ellenor’s mobile physiotherapist is changing lives

There are lots of reasons someone might want to get Merrylands Physiotherapy whether it’s to avoid surgery, eliminate pain, or recover from a sports injury. However, there are some cases where someone might not have easy access to a physiotherapist. This is why physiotherapist Andrew Lowden is committed to ensuring that people have the best quality of life they can even if their illness is not curable.

He was himself diagnosed with testicular cancer 7 months ago. After surgery to remove his testicle, he underwent chemotherapy treatment and now in remission, he is working at ellenor. Despite trying to stay healthy by eating well, playing lacrosse, running and being conscious about changes to his body, Andrew’s discovery of cancer made him realise that it is a disease which can affect anyone at anytime.

Andrew says: “Whilst I can only imagine what it is like to receive a terminal diagnosis, having been someone who has experienced the diagnosis of cancer has allowed me to understand to some extent how our patients are feeling.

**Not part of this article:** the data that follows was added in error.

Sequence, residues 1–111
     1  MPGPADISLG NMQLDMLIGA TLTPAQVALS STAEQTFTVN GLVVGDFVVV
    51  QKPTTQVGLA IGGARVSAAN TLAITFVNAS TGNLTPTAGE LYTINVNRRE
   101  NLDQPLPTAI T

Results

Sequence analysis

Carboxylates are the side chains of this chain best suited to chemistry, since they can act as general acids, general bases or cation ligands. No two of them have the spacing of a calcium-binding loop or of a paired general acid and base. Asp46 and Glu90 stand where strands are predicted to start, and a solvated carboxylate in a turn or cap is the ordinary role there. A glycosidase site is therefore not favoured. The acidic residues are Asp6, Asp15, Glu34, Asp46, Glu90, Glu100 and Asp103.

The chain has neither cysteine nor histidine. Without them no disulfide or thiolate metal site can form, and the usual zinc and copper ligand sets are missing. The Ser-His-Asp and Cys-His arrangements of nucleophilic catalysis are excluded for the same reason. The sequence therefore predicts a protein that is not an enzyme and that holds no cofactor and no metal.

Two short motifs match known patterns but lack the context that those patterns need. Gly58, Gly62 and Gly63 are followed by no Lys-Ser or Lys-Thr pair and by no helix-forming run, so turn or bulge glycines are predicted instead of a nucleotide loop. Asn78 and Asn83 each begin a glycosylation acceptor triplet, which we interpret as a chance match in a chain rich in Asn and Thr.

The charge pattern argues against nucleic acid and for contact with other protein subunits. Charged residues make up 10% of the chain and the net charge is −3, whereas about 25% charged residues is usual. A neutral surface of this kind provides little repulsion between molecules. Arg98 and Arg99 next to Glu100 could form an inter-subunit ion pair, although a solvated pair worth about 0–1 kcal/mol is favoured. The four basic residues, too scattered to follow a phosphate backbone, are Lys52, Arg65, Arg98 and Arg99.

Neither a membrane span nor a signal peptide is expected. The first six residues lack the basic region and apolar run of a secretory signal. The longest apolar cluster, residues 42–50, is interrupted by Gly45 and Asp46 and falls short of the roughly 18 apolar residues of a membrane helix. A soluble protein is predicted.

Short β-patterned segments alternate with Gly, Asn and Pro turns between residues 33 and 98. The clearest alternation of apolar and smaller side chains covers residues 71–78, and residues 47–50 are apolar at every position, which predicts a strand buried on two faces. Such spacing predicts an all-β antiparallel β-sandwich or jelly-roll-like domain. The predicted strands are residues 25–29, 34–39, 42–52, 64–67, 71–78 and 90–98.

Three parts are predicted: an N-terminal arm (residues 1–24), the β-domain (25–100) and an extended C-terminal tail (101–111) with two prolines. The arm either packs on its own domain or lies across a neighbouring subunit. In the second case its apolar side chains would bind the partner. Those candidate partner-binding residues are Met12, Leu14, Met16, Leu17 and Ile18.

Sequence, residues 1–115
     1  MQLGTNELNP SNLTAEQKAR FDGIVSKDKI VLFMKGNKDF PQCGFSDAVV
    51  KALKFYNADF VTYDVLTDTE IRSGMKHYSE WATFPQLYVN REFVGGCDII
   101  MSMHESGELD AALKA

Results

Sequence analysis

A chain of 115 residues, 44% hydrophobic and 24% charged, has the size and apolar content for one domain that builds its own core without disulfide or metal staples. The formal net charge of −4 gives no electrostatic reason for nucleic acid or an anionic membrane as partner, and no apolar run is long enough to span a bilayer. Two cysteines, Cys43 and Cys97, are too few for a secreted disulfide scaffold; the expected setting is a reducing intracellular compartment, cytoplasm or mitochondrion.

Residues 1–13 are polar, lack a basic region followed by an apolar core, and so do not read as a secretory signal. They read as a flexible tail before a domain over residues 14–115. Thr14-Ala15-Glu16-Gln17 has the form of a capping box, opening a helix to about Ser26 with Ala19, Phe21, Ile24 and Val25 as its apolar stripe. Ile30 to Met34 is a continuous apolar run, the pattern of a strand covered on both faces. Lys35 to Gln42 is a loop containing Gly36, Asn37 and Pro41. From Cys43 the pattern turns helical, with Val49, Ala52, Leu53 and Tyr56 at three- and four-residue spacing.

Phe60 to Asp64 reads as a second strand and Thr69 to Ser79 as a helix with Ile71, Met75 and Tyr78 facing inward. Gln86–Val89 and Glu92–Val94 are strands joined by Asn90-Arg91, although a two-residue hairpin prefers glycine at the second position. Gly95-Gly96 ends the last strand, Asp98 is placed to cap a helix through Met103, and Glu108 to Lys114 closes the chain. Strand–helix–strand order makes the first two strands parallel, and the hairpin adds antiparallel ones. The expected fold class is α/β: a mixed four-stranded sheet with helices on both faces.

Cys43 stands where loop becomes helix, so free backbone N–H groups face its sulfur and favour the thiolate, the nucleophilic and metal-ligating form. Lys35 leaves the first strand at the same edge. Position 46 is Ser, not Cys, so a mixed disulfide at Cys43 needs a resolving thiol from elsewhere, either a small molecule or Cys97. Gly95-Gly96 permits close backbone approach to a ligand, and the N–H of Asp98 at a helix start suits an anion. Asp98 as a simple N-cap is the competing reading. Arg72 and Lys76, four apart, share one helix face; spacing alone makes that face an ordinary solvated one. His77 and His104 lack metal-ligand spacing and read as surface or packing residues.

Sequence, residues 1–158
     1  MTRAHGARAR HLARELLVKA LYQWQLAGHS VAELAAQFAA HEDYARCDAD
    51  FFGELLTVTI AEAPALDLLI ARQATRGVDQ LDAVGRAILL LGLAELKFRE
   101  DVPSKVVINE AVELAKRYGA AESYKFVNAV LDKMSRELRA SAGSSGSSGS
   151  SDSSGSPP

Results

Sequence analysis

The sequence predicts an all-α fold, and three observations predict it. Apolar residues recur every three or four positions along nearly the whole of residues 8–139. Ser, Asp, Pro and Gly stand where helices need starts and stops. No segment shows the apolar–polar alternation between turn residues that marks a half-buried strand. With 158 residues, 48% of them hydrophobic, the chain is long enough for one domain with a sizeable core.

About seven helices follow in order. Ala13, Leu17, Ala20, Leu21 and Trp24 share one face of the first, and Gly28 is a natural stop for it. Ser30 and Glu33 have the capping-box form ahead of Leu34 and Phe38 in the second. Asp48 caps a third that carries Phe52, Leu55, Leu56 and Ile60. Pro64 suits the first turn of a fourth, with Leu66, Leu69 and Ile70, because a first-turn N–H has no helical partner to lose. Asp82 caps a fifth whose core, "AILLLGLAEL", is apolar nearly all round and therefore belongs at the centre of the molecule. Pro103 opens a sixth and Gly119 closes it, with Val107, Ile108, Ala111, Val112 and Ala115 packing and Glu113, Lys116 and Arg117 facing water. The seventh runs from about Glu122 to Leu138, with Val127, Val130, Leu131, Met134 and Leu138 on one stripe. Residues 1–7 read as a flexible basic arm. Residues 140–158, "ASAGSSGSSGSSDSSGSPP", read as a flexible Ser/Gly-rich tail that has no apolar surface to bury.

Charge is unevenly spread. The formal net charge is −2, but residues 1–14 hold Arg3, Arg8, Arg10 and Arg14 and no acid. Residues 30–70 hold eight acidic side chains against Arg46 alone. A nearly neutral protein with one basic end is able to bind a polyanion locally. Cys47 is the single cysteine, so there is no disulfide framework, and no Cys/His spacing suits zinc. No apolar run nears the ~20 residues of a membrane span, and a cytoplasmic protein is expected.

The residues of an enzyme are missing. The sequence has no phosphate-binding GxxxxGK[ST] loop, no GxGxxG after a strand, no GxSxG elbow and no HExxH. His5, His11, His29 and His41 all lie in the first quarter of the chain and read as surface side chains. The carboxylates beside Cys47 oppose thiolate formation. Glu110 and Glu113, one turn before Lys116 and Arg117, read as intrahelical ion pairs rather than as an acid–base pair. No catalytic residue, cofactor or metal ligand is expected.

Being a fellow cancer club member, I feel even more passionate about helping our patients to remain as physically capable as possible for as long as possible, which in turn allows them to live life right up until they die. Physiotherapy empowers our patients to maximise their quality of life, maintain their mobility and importantly their independence. It also puts coping mechanisms into place so patients are more in control of their live”.

Physiotherapy in palliative care is an essential service within healthcare, improving and maintaining patients and their family’s quality of life. Andrew must consider the patient’s needs and wishes, along with their physical needs to help educate them on how they can cope and handle their situation as best they can to lessen the fear and anxiety they have surrounding their condition.

ellenor makes great efforts to ensure that compassionate patient care is at the forefront of all of our nursing care and fundamental in the provision of caring for people with a terminal illness and those close to them.

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